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do i need a third-party HVAC designer to review the calculations done by my HVAC contractor?

beedigs | Posted in General Questions on

Hi.  We are building a one-story all-brick home in CZ 2 that we are hoping to be a “tight home”.  We chose Zip R3 sheathing and Zip roof deck, with open-cell spray foam cavity wall insulation and under the roof deck to achieve a conditioned attic. For mechanicals we are going with a variable speed unit with a dehumidifier and an ERV.  This is an all-electric home as well.

We found our HVAC contractor through the Mitsubishi website of certified contractors with their designated “badge” that assures customers of their expertise and received training.  We do like our HVAC contractor but wondering if we should still shell out some budget to have a third-party HVAC designer review our HVAC guy’s calculations (manual J, S, T, D, etc)?   Just for peace of mind, as I understand when we are trying to build a tighter home that the HVAC performance is very critical to making it all work and hopefully lessen the chances of mold issues and such.  We have been having so much more expenses due to increase in prices left and right with every trade that it’s eating into our contingency, but then if this is a critical step to ensure good indoor air quality and comfort we will probably take that step.  Thanks in advance.

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  1. walta100 | | #1

    The truth is most of the HVAC contractors have done enough of the run of the mill houses that they have a rule of thumb that get them close enough for them to end up with working systems.

    If you build the same code minimum house with the HVAC in the attic and 4 inches of spray foam on the rafters(or whatever the local norm is) the rule of thumb will work just fine. If you choose to be different and keep the duct work and equipment below an R60 ceiling you will cut the electric bill in half but you will need a manual J to get the correct size equipment.


    1. bLu2021 | | #8

      We’ll have 3.5” of open cell spray foam cavity, plus the R3-something from the Zip R3 for the walls, plus 5.5” under the roof deck.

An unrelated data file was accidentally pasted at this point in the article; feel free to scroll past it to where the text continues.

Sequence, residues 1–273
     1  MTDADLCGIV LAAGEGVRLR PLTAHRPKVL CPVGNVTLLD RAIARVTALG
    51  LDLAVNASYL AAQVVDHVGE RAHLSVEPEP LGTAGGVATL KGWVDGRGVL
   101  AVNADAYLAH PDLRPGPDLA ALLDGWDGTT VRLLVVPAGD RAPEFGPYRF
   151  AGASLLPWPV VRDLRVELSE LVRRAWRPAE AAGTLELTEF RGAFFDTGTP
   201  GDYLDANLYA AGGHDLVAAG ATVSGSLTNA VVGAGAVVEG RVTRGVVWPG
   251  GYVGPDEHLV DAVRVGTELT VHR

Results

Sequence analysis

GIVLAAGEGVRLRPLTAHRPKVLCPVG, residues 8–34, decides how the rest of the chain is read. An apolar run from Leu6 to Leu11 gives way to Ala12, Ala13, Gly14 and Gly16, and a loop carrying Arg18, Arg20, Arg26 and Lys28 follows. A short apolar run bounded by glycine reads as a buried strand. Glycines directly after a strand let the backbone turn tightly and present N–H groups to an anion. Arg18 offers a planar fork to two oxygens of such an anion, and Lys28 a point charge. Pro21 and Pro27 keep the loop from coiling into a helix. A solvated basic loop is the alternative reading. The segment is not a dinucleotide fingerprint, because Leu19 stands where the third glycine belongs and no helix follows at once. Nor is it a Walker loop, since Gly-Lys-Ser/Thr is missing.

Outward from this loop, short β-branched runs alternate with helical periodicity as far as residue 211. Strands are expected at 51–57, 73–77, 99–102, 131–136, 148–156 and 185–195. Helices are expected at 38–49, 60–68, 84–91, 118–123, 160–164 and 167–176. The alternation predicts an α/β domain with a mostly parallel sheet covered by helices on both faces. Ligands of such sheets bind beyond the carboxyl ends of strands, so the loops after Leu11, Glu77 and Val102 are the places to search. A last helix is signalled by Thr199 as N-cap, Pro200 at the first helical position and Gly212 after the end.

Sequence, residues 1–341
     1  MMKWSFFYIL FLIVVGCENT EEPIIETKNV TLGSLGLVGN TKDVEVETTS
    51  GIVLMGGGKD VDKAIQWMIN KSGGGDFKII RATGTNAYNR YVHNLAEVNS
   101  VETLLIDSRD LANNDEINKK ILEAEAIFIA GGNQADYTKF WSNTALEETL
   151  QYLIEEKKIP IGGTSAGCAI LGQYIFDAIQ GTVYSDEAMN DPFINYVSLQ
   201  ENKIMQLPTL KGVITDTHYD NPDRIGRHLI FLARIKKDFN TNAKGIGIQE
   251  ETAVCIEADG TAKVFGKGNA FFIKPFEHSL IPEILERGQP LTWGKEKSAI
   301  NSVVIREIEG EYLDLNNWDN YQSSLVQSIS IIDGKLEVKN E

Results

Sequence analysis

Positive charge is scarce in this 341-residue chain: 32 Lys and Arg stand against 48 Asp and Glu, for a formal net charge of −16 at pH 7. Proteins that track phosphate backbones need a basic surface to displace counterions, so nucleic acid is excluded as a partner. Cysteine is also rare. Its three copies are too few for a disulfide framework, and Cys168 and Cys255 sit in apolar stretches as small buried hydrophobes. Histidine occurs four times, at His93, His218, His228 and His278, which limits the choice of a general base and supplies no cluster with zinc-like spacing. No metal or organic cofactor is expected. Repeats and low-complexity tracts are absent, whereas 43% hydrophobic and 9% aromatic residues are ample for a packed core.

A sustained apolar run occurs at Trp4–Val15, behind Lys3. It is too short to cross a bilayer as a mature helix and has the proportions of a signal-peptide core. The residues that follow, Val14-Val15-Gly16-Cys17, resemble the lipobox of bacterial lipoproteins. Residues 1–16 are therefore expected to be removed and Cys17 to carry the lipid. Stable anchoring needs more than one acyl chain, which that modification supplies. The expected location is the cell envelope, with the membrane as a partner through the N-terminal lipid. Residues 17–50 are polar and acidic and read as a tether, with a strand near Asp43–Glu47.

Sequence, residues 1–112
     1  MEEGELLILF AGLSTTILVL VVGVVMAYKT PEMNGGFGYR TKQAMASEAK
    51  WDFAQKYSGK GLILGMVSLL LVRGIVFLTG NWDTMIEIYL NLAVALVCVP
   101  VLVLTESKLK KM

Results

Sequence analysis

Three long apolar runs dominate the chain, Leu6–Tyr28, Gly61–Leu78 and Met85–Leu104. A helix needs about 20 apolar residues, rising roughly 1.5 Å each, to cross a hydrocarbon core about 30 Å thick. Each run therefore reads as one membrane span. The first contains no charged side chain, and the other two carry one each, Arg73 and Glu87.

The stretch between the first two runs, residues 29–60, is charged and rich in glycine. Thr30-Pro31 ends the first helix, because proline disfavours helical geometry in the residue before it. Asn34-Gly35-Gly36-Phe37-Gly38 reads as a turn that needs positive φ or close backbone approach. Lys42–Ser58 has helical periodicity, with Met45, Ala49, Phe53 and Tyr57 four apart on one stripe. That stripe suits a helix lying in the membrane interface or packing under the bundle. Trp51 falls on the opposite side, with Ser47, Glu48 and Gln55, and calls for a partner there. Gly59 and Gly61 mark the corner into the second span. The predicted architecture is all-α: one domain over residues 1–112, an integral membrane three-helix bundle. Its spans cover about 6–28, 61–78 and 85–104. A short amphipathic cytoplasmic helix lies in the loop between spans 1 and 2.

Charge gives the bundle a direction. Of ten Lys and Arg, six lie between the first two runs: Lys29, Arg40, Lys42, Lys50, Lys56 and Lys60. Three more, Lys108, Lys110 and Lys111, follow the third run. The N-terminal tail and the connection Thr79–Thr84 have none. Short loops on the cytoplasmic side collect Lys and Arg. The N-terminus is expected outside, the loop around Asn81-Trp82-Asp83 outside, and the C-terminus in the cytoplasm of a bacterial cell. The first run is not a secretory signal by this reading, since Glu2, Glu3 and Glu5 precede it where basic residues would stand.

2. kyle_r | | #2

    In a cooling dominated climate with a conditioned attic and a dehumidifier, I can’t see too many opportunities for major errors. I doubt you will see a noticeable improvement in comfort or efficiency by having it designed by a third party, at least not enough to justify the cost. If your contractor is reputable I would trust them.

  3. chicagofarbs | | #3

    A Mitsubishi rep would probably review their calculations for free and confirm system sizing.

    I have provided load calcs to Mitsubishi in the past to have them size the systems and it is a free service.

    1. bLu2021 | | #9

      thanks for the tip!

  4. Expert Member
    ARMANDO COBO | | #4

    So here is REALITY!!! I recently designed a 5k sf house that the homeowner declined to spend $2,500 to have the HVAC system designed by an independent ME.

    My Specs: CZ 3, Conditioned 5k sf house, 2x6 @ 24 o.c. walls with R20 DP cellulose + 1” R6.7 outsulation and R49 ventilated attic.. 882 sf of glazing (U=.28, SHGC=.25). 2-2 ton AC and 2-10HSPF units with all metal ducts in conditioned space with furr-down hallways for ducts and closets for equipment. 2 ERVs. Energy Star appliances and lighting. 1 HPWH, 65 gal. with an on-demand recirculating pump. Goals of 1ACH50 and HERS ≤45 w/o PV. 100% high-performing house. Plenty of details and specifications on drawings.

    HVAC contractor Summary: Conditioned 5k sf house, 2x4 @ 16” o.c. walls with R13 insulation, and R38 attic. 1245 sf of glazing (U=.35, SHGC=.50). Ventilated attic. A 50 gal gas WH, 58% EF. Nothing on appliances, lighting, plumbing, building tightness nor HERS rating.

    HVAC contractor bid: 3 HVAC gas systems with a 10 ton. total (3,3 &4 tons). Flex ducts in attic, no ERVs. All for $24,375.00. Take a guess how much discomfort and upfront money my client is wasting, and for the rest of that house’s lifetime.

    Learn from experience, these cases are more the norm than the exception… I just wonder if the HVA contractor looked at the drawings and read any of the specs, or he just looked at the square footage and figure it from there... Hummm, you can't fix stupid!

    1. chicagofarbs | | #5

      Oof that’s brutal.

    2. Expert Member
      ARMANDO COBO | | #6

      ... Ahhh, but the best part is that the Builder picked this contract because "it was the best". Really????? This happens 9 out of 10 times everywhere you build homes. Code enforcement is non-existent, HERS raters skip by it, NAHB, ACCA, RESNET, etc. are blind and deaf, and Builders are mostly ignorant.

      1. chicagofarbs | | #7

        With you, 100%.

        Original poster seems to have some basic knowledge to at least check the envelope assumptions used by the HVAC contractor.

        That would at least be a start, at least. If the assumptions seem right, I’d have Mitsubishi double check the sizing. I’ve used Michael Schaefer in the past for heat pump sizing.

        1. bLu2021 | | #10

          so perhaps ask for a copy of manual J from the HVAC contractor?

          1. chicagofarbs | | #11

            Yep! I’d ask for a copy of their calcs/report and all their assumptions if they aren’t in that report.

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